Effects on fathers of children with disabilities
Sociology; Human services; Psychology
Thesis or dissertation
- © 1991 Garry Hornby. All rights reserved. No part of this publication may be reproduced without the written permission of the copyright holder.
This thesis investigates the effects on fathers of parenting children with disabilities. In the first
chapter, models of family functioning and parental adaptation to disability are discussed. This is followed by an overview of the effects of disability on family members and a review of the literature on fathers in general.
The second chapter consists of a review of the literature on fathers of disabled children. Included is a review of personal accounts by such fathers, followed by discussion of previous studies and previous reviews of the literature. The review concludes with consideration of the research evidence in support of seven assertions, about effects on fathers, on which there is a consensus in the literature.
Chapter three describes the methodology employed in the current study. From a representative sample of 111 fathers of children with Down's syndrome, 97 were interviewed and 87 completed a booklet of questionnaires. The interviews were semi-structured in order to gain fathers' perspectives of the effects on themselves and their families. The booklet of questionnaires included instruments designed to measure: demographic variables; adaptation; stress; personality; social support; and, marital functioning.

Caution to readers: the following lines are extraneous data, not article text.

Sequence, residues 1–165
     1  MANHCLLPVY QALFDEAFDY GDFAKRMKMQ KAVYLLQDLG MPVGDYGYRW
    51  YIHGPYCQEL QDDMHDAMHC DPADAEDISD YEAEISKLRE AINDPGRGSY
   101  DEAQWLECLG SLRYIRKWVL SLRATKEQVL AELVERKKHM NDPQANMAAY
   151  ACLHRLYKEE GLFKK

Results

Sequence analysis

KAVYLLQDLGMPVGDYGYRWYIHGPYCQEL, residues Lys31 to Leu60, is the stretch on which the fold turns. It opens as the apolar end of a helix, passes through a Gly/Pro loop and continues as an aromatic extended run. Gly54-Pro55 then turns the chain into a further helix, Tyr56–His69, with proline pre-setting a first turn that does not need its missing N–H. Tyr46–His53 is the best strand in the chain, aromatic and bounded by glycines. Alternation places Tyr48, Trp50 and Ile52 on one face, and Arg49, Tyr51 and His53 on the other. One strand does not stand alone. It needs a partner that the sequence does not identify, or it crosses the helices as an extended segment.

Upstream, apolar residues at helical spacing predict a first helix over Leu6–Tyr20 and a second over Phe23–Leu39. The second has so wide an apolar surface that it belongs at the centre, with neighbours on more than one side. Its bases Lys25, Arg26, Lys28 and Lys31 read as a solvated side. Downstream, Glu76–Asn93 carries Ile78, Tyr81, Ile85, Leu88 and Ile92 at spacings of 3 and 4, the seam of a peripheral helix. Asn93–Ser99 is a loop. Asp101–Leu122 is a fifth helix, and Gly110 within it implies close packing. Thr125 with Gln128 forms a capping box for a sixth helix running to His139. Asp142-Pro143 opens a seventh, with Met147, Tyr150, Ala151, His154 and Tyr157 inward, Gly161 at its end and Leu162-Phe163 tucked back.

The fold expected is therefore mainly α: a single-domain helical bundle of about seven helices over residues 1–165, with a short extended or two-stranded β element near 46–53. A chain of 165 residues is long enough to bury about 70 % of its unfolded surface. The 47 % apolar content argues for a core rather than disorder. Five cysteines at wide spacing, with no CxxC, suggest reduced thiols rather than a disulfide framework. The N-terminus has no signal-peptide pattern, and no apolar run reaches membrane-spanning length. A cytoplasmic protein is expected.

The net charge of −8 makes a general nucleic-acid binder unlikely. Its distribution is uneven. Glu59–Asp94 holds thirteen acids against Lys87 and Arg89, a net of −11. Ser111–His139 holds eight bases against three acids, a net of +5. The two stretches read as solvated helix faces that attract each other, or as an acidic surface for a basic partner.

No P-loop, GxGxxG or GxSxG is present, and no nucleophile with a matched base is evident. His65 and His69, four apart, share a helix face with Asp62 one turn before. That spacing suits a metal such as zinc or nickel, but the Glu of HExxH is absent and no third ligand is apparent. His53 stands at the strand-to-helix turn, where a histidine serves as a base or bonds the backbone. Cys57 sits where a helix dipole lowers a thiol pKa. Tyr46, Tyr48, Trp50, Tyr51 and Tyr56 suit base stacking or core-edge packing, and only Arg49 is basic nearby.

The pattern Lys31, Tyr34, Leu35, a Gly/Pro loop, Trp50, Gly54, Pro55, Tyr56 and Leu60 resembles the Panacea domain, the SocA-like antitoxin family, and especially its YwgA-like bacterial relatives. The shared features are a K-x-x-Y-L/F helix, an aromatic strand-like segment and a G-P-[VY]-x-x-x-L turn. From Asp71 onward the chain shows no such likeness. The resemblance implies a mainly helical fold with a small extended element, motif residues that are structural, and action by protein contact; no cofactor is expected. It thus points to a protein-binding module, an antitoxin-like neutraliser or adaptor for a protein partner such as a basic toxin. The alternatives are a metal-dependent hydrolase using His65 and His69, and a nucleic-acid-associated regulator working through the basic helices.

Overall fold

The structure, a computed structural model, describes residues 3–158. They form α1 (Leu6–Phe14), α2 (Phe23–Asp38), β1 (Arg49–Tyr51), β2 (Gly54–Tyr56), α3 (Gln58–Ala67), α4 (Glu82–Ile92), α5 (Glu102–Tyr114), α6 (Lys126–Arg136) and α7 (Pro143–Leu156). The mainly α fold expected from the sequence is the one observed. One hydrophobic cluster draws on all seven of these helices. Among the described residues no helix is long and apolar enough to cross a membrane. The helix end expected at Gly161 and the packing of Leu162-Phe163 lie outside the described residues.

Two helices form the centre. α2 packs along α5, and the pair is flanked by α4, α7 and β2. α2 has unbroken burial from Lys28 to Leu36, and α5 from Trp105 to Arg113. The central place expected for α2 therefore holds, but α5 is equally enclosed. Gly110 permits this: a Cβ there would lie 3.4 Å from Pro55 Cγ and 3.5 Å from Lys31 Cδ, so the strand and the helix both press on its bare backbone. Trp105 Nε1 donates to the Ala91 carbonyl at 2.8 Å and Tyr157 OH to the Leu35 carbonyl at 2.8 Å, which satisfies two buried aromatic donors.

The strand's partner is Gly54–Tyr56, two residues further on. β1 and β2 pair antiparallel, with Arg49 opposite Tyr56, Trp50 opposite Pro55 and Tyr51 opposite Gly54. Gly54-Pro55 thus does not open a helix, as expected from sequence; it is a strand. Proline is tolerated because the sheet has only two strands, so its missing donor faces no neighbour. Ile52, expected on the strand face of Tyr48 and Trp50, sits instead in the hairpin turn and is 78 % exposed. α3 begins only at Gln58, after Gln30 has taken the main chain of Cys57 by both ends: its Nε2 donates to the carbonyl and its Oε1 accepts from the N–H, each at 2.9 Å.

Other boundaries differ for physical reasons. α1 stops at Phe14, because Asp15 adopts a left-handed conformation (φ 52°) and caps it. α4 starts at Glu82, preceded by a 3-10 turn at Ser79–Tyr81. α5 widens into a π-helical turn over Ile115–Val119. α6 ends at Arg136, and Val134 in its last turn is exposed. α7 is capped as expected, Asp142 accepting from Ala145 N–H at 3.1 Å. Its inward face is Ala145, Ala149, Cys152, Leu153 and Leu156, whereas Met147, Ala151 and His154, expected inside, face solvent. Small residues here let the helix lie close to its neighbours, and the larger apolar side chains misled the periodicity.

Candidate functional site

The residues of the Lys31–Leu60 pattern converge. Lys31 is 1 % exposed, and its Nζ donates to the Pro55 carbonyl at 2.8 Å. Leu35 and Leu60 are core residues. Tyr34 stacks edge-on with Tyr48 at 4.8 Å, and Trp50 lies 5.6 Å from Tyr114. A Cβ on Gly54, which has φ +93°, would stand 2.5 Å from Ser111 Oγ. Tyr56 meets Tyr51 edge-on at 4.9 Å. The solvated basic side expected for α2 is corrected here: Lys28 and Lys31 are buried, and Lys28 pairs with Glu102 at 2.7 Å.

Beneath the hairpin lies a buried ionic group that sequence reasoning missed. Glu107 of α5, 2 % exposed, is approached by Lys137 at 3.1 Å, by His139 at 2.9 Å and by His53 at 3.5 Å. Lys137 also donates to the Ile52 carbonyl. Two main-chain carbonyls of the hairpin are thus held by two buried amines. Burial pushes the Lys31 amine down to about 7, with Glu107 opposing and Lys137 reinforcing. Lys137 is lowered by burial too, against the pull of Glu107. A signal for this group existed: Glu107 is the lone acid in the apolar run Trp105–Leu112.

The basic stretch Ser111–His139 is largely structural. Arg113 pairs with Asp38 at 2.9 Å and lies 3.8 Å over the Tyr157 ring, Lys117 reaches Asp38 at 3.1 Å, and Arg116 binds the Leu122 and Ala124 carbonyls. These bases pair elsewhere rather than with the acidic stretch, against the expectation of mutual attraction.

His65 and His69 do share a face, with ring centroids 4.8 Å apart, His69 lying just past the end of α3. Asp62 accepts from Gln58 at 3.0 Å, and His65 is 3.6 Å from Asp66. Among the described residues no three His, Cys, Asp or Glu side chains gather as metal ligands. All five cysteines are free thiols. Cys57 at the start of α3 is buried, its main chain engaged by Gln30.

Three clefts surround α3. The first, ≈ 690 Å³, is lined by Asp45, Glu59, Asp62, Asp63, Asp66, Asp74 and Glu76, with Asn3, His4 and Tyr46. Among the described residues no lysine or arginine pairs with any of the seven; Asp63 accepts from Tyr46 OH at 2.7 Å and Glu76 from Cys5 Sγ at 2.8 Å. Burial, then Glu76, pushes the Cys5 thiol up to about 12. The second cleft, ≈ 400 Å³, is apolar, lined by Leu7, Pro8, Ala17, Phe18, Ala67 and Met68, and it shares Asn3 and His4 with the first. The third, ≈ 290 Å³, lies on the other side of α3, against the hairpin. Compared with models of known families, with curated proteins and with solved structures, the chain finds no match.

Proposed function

In chapter four, the results of questionnaire and interview data were considered in relation to the seven assertions about fathers which emerged from the literature review. Overall findings provided little support for the majority of these assertions. The interview data were analysed into 28 categories of fathers' comments which provided a description of fathers' perspectives of their
The final chapter includes a discussion of the findings from questionnaire and interview data in relation to the existing literature on the effects on fathers. It is concluded that the existing literature may provide a somewhat erroneous picture of the experiences of such fathers. The chapter ends with a discussion of the major weaknesses of the current study, areas for future
research, and implications for practitioners.
- Department of Education, The University of Hull
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